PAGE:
A couple of years ago I was tasked with getting a shot of grape stomping for a local food magazine, Edible Ozarkansas, who were doing a story on the history of local wine production in Arkansas. Right away, images of Lucy and Ethel of "I Love Lucy" stomping grapes in the giant barrel came scrolling through my mind. Challenge accepted.
I started looking around for inspiration for a shot. Obviously, I needed a barrel, grapes, and feet. Beyond that, I had never thought much about grape stomping, so I didn’t know what else I’d want. The problem I quickly ran into was that all of the images I was seeing of grape stomping was from a top-down angle. They were looking down into a barrel at the feet doing the smashing. In my mind, the angle should be a front view of the action, not a top view. Ah-ha! Now there was a plan.
After obtaining an old whiskey barrel locally for $10, I grabbed some power tools and an extra set of hands (thanks, Dad!). We set to work cutting into the side of the barrel so I could see into it, being sure to leave a small lip at the bottom to keep the juices in as best as possible. It wasn’t an easy task to keep the slats of the barrel from coming apart after cutting into the metal band, but it worked.
Next came dragging the barrel up the 23 stairs to my studio, buying a whole bunch of grapes, and sweet-talking the editor of the magazine, Amanda, into being my grape-stomping foot model. I had to run back to the store to get some redder grapes (the “black” grapes I bought initially were too dark to look wine-y), but that was really the only gaffe of the whole production.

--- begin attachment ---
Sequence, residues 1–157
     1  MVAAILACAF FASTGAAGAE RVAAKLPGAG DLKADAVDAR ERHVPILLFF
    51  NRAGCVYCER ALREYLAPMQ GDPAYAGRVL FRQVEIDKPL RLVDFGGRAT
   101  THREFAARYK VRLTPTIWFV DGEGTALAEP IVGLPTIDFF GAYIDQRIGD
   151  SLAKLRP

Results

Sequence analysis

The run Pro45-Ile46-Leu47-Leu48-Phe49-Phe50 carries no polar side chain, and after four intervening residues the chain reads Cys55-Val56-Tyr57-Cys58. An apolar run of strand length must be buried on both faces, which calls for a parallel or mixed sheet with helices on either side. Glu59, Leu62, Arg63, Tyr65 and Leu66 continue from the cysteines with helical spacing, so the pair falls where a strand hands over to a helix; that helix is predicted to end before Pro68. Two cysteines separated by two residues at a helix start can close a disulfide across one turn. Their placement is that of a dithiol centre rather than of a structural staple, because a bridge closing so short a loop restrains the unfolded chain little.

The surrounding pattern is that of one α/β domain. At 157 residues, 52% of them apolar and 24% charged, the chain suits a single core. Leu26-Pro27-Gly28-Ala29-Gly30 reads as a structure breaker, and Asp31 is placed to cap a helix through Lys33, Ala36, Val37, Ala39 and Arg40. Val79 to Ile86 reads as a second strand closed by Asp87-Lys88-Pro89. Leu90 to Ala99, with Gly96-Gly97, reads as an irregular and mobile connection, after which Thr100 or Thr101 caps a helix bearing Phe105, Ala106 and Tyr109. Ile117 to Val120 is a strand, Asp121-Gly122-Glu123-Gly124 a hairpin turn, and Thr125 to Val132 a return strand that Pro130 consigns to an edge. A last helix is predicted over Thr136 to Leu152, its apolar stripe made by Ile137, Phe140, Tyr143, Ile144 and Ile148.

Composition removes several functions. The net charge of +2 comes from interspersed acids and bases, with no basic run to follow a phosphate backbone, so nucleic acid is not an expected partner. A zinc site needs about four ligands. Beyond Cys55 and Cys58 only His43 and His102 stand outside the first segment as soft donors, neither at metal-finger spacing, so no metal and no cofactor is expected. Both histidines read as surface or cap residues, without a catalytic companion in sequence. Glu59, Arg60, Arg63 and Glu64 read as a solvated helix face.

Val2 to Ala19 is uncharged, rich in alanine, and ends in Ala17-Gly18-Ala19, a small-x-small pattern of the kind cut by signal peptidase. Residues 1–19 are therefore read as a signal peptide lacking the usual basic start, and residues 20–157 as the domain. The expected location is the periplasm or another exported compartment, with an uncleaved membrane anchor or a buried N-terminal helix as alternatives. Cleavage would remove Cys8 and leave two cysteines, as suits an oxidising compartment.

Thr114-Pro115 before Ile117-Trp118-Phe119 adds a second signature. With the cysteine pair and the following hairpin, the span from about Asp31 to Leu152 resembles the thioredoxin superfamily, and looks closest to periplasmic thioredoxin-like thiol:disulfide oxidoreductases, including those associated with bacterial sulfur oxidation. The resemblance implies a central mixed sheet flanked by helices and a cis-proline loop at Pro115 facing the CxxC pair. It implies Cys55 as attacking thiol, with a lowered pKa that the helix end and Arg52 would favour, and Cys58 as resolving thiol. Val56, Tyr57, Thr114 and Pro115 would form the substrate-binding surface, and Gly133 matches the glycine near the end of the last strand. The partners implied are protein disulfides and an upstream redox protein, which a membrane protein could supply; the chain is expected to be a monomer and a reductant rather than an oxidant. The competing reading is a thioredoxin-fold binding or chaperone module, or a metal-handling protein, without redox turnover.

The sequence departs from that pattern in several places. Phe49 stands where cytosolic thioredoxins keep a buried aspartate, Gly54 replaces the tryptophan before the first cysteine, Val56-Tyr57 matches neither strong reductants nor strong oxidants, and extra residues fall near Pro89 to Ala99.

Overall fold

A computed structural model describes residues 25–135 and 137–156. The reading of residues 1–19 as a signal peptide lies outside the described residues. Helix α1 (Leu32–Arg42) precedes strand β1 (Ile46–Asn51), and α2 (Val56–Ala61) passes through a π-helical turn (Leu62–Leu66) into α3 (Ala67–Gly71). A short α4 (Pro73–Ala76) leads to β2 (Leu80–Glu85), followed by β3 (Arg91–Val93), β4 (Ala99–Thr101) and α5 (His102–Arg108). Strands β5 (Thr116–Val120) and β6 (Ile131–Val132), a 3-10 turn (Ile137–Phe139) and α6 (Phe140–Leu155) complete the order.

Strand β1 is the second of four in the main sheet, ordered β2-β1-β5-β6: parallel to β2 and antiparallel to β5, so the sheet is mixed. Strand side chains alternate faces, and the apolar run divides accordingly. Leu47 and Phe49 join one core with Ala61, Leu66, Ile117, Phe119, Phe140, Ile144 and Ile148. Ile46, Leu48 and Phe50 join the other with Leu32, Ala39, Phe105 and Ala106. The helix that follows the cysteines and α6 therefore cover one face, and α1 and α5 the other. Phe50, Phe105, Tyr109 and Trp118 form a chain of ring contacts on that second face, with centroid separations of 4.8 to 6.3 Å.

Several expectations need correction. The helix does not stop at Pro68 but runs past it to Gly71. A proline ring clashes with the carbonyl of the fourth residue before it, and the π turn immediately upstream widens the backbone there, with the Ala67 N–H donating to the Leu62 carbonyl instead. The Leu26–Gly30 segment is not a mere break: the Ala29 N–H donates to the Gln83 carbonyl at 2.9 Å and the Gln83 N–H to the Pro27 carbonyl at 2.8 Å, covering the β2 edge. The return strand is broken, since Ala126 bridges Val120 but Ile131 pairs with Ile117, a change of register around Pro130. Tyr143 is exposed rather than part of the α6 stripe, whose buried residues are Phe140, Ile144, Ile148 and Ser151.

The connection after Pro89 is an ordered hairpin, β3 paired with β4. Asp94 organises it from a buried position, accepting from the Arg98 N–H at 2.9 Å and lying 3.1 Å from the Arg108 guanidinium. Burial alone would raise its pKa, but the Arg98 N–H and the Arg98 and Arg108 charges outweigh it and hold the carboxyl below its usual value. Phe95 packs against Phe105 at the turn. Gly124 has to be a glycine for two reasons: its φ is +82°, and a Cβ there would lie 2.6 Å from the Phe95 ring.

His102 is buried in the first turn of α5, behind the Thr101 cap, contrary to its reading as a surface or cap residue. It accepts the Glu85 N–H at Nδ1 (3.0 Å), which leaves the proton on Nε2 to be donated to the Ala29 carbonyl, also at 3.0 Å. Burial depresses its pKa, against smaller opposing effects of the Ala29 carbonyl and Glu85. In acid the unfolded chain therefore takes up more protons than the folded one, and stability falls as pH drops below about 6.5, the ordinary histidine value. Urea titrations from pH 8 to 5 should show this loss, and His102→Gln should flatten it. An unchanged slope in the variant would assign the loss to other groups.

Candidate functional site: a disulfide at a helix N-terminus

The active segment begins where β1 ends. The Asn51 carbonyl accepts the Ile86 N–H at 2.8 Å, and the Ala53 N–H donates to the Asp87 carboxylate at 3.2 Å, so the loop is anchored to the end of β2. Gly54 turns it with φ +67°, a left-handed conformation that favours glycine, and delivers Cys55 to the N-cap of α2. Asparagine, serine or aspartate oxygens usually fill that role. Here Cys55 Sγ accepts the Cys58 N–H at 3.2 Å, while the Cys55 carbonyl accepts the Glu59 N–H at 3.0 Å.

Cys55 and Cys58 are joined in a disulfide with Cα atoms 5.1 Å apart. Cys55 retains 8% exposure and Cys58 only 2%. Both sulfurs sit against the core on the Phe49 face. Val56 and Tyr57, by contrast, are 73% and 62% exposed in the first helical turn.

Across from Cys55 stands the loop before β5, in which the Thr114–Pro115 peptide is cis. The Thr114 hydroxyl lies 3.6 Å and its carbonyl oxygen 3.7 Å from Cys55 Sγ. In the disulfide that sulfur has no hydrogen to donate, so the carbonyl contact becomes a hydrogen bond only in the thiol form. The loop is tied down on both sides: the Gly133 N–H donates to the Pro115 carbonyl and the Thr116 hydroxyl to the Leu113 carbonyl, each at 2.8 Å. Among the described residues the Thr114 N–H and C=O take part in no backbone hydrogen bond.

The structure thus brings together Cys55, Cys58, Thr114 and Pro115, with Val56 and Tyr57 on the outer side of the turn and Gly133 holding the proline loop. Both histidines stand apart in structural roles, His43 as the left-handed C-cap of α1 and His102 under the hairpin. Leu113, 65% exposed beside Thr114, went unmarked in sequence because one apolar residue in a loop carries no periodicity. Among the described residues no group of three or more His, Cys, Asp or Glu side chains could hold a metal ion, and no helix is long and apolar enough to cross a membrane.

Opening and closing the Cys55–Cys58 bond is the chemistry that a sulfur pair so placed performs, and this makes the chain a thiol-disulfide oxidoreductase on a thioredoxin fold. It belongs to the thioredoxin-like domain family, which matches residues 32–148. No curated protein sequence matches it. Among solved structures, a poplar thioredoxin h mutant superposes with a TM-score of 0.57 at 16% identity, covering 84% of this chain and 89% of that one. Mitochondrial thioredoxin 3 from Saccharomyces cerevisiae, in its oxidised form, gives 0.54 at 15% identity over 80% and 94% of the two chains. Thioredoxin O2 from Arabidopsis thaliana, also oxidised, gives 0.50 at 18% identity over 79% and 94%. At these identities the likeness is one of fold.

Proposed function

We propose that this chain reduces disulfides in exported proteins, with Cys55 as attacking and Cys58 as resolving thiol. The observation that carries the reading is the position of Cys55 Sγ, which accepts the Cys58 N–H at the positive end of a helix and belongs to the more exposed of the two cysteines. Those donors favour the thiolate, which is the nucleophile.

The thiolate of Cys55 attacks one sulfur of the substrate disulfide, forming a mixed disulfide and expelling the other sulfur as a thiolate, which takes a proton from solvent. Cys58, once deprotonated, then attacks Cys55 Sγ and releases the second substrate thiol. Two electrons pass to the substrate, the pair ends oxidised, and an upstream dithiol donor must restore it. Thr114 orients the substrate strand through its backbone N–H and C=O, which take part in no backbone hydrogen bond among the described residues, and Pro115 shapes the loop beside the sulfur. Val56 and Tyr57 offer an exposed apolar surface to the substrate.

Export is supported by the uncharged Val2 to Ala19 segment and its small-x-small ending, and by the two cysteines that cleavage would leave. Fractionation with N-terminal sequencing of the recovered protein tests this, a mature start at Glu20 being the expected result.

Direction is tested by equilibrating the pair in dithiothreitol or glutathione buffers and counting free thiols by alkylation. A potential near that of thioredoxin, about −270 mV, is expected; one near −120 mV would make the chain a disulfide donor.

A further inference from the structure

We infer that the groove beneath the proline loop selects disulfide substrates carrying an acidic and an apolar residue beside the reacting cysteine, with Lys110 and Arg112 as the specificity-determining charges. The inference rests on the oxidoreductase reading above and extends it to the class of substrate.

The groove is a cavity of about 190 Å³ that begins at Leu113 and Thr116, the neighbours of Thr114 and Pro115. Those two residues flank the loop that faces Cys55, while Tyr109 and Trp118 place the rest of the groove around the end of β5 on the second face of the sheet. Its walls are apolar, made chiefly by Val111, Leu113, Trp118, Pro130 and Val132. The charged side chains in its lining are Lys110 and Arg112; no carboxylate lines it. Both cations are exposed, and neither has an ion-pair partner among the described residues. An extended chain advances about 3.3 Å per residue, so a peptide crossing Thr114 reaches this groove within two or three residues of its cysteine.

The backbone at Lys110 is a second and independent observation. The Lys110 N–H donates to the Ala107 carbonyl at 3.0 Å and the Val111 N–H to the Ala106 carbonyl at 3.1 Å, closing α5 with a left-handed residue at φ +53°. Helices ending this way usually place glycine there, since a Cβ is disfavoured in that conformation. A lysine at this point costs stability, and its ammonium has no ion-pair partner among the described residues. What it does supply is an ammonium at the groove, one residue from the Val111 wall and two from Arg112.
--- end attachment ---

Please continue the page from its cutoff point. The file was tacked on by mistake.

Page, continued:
For the shot, I used three lights: two Paul C. Buff Einstein E640s with two 10x36” gridded stripboxes at about 45-degree angles on either side of the barrel, and a speedlight on slave mode held by an assistant pointed downwards into the barrel behind the model’s legs. I set the Einsteins on “action mode” to help freeze the motion of the juice, and clicked away.
There was juice everywhere. Everywhere! Two years later, I’m still finding spots of grape juice on the walls and floor of the studio, even though I put a tarp down underneath it all.
Here's the result:
The final image (skirt version instead of blue jeans) ended up on the cover of the magazine, and was eventually awarded two “Eddy” awards by Edible Communities, the magazine’s “mothership”: one for "Critics' Choice" and one for “Readers’ Choice” in the “Best Cover Imagery” category.
I could have just taken one flash and shot down into a barrel of someone squashing grapes with their feet to get a shot that was good enough, but I wanted something more than that. Something flashier, something juicier, something I had to work at.
What’s the messiest your studio has ever been? Have you ever been doing "routine" work that ended up winning some kind of award? Let's hear some stories below.